Answer

I can only advise on how the law applies to your facts not what the facts are. The CGT laws can only apply if normal income tax law does not. Therefore the main residence exemption can only exempt a property that is caught by CGT. A property will be caught by income tax if it is purchased with the intention of resale at a profit. If you purchase the property to use as your house it will not be caught by income tax. It is not for the ATO to tell you what your thoughts were but nevertheless the burden of proof falls on the taxpayer. If you say you did buy the property with the intention of doing it up and selling it for a profit then you are involved in a profit making scheme and would pay tax on it just like any other money making venture. If on the other hand you say your primary motive was to provide a home for yourself the answer would be tax is not applicable. It is not a rule of how many times you can do this it is simply based on the reason you purchased the property. So you need to be careful of your thoughts
The situation is very similar for GST. If your business’s turnover of taxable supplies is more than $75,000 then you are required to be registered for GST. So if this property is part of what your business sells, you will be required to register and charge GST. That is if it is a taxable supply ie the first sale of a new house or a substantially renovated one. If the sale is not part of your business’s turnover then you are not required to be registered for GST so no GST would be charged on the sale.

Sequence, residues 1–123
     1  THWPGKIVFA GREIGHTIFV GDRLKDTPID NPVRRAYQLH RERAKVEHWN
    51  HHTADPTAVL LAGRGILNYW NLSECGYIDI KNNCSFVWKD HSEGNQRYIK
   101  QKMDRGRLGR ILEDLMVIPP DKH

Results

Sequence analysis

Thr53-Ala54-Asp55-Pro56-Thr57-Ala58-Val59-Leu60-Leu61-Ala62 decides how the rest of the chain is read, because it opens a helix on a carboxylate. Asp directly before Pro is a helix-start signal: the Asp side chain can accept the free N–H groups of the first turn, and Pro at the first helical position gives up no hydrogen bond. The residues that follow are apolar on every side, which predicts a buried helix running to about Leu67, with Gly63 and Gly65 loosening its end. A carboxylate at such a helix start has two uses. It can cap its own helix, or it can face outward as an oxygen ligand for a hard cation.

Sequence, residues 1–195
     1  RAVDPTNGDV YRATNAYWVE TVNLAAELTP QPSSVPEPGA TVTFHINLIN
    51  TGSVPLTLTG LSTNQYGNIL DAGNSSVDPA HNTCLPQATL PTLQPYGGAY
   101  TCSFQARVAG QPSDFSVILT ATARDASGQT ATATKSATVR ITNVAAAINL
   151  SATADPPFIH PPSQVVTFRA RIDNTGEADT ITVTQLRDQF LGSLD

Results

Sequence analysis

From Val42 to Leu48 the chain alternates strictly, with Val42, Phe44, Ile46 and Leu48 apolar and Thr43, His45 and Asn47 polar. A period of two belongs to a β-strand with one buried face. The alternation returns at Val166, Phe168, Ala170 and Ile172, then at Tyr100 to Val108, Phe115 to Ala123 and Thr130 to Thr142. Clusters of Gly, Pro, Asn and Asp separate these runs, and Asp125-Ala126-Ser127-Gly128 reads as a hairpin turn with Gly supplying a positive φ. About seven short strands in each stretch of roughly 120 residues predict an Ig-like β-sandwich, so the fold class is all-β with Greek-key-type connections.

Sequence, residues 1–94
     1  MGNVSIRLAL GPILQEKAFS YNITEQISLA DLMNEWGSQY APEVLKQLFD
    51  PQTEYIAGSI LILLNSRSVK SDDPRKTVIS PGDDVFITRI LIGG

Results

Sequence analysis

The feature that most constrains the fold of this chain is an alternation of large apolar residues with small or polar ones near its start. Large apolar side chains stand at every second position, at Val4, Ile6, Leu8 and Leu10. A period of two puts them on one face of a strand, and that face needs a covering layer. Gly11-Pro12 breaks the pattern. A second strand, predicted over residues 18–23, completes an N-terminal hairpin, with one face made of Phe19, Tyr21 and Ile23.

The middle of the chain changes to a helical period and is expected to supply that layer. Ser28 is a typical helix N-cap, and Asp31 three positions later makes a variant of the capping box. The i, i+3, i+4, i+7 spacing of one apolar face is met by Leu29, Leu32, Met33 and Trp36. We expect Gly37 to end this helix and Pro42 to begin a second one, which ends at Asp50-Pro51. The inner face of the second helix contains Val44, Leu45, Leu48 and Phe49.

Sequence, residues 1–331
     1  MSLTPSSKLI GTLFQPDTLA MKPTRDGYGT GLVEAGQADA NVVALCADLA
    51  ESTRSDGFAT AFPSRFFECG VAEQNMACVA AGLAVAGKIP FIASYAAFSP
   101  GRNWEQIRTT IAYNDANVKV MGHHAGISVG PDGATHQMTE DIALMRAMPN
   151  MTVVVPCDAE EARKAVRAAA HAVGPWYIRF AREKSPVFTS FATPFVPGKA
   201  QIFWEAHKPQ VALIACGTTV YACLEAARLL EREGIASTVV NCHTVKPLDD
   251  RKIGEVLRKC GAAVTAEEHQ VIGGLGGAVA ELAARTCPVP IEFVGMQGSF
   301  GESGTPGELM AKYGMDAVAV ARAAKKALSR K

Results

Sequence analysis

Note if you renovate a house to sell at a profit and have bought it with that intention but it is not a substantial renovation then it does not contribute to your business’s turnover of taxable supplies so will not push it over the $75,000 mark so you will not have to register anyway. This is discussed in the ATO’s ruling MT 2006/1. There were two drafts before this ruling was released, the ATO’s opinion varied dramatically between these two drafts. The advice you got from our Ningi office in 2005 would now be out of date.

The report you received from the Ningi office only stated that the main residence exemption applied to the side of the duplex that you had the intention of living in permanently. The main residence exemption could not apply to the other side. As to whether income tax or CGT applied to the other side of the duplex depends on whether you renovated that side with the intention of selling for a profit or to rent out.

I am sure many people do fly under the radar but that is up to the ATO. The ATO may feel it is not worth the trouble to try and argue with people what their thoughts were or maybe such scrutiny of people’s living arrangements would be bad for the government. Our aim is to inform people where the line is so they don’t unwittingly get caught out or if necessary correct their thoughts!!!